This Is How A Dirty US Soccer Executive Helped The FBI Bust FIFA
Chuck Blazer, a disgraced American soccer official, may have helped the FBI’s investigation that launched corruption charges against FIFA, world soccer’s billion-dollar governing body.
Blazer was a New York-area “soccer dad,” as BuzzFeed calls him, who rose through the ranks of regional and national soccer leagues. His business sense eventually landed him a spot on FIFA’s executive committee, where as the first American committee member in decades he helped elevate Major League Soccer during the 1990s and made the U.S. men’s and women’s national teams into international fixtures. (RELATED: Everything You Need To Know About FIFA And The World’s Biggest Sports Scandal)
His position atop the ascendant American soccer world made him fabulously wealthy, with a $29 million credit card bill and a Trump Tower apartment for his cats. His fine dining habit, luxury Manhattan penthouse, vacation home in the Bahamas, first-class flights and personal Hummer were largely bankrolled by FIFA or its subsidiaries. The New York Daily News describes his peak weight as 450 pounds, the result of “so much fine food and drink that he eventually needed a fleet of mobility scooters to move from feast to feast.”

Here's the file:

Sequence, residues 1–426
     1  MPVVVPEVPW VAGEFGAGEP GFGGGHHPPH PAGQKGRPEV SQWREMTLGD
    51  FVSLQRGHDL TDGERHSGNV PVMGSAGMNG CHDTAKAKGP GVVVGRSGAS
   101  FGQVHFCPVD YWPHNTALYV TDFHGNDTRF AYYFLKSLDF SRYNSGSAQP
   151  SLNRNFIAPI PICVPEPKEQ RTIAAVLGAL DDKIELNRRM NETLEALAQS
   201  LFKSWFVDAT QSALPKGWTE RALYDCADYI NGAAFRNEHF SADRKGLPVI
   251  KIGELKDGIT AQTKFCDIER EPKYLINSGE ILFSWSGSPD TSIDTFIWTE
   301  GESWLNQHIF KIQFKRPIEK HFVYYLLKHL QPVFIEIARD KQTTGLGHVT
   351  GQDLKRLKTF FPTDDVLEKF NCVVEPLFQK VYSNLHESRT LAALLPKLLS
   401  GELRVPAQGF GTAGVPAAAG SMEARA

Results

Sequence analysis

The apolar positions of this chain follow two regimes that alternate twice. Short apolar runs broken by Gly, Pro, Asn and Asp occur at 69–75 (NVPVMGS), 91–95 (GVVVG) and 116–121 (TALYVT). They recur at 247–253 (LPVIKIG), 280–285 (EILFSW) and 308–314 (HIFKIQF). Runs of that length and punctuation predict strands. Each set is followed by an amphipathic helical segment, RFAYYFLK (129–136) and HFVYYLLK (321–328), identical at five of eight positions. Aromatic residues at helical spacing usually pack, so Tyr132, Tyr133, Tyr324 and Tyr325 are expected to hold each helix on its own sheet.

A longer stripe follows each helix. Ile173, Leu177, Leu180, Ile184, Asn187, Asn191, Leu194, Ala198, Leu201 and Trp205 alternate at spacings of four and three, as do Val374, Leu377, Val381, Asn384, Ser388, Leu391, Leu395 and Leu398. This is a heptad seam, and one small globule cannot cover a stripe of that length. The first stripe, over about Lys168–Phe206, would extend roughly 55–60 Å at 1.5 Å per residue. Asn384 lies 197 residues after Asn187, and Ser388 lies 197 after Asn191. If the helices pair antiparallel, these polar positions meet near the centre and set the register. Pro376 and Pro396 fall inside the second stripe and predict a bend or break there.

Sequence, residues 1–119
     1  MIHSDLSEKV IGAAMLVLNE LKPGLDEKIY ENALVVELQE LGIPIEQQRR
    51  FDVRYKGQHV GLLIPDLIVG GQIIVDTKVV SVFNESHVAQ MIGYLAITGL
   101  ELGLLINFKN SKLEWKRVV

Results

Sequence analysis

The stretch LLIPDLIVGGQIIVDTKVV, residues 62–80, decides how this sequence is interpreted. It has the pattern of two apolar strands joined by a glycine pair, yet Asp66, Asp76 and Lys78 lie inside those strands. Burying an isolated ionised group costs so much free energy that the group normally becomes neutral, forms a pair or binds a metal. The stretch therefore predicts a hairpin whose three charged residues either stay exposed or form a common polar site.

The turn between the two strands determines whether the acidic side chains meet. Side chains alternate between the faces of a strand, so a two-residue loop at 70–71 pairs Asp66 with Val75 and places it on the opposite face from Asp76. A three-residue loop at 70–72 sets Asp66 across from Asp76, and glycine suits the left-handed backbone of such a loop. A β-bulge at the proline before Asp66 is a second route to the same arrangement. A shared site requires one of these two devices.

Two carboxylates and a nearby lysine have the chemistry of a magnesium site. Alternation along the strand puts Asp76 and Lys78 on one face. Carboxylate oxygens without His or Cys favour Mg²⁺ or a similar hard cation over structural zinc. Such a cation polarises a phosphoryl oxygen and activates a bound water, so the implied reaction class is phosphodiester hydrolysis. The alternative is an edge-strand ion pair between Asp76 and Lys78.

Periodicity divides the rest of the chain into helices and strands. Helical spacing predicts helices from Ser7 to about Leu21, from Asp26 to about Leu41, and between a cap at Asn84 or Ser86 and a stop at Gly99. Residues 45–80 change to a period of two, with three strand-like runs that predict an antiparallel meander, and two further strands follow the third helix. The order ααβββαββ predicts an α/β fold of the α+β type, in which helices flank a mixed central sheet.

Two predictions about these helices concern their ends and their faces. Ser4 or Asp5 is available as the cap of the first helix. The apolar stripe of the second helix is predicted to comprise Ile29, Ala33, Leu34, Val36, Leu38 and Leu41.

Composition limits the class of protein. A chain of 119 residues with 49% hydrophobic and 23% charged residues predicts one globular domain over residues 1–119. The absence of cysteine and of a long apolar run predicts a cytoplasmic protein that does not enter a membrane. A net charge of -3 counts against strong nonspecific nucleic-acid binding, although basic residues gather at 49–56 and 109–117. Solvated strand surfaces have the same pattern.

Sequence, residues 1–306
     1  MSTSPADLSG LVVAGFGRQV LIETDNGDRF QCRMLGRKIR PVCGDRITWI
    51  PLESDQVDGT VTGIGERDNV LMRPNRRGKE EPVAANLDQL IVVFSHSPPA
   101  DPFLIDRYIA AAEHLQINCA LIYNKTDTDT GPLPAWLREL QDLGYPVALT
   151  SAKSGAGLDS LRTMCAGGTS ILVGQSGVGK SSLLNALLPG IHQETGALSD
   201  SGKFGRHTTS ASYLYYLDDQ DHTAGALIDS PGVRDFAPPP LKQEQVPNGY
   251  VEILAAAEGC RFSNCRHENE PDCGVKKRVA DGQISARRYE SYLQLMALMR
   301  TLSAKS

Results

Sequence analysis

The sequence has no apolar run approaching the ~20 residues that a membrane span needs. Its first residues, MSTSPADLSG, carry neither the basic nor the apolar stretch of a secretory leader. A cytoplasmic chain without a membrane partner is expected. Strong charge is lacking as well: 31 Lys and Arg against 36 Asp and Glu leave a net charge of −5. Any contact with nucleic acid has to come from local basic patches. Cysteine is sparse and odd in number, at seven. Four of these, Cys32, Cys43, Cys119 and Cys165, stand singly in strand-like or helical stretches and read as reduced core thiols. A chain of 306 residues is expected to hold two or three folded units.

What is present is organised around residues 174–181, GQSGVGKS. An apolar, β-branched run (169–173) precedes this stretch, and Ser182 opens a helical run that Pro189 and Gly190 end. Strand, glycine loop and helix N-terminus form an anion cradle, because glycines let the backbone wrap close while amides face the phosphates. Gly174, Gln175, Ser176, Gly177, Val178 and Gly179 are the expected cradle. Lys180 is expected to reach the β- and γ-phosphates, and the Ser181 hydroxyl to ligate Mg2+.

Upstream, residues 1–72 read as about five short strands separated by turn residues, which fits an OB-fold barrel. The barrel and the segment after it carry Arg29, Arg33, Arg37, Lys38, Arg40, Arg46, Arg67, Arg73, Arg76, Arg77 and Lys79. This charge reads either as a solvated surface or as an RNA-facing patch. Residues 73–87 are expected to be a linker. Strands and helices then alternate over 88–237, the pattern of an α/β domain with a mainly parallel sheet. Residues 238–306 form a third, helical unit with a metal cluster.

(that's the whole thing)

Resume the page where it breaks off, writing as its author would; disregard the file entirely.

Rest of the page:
Then, after he exposed corrupt deals by his Trinidadian colleague Jack Warner in 2011, a follow-up ethics investigation led to his suspension from FIFA’s executive committee in 2013.
A New York Daily News investigation last year alleged the FBI made him a valuable asset in 2011, after agents confronted him and encouraged him to cooperate amid allegations of 20 years of fraudulent business accounting and a decade of tax evasion. He reportedly brought a camouflaged audio recorder to shady meetings during the 2012 London Olympic games. The recording proved to the FBI that FIFA officials were accepting bribes for exclusive media deals, as well as votes that gave the 2018 and 2022 World Cups to Russia and Qatar. (RELATED: Meet The Jordanian Prince Who Could Be FIFA’s Surprise Savior)
Blazer is now 70 years old and battling colon cancer. While the FBI has not commented on Blazer’s role in Wednesday’s arrests of FIFA officials, many suspect his information-gathering was part of a deal to reduce his sentence after a guilty plea.
The arrests that took place Wednesday at FIFA’s headquarters in Switzerland are part of an FBI investigation that ultimately charged 14 individuals with participation in racketeering, money laundering and wire fraud. The sting also included a search Wednesday of a FIFA affiliate’s office in Miami.
The organization’s president, Josef “Sepp” Blatter, has not been charged, though he may be tainted by further evidence from the investigation. Blatter is expected to win reelection to the post on Friday.
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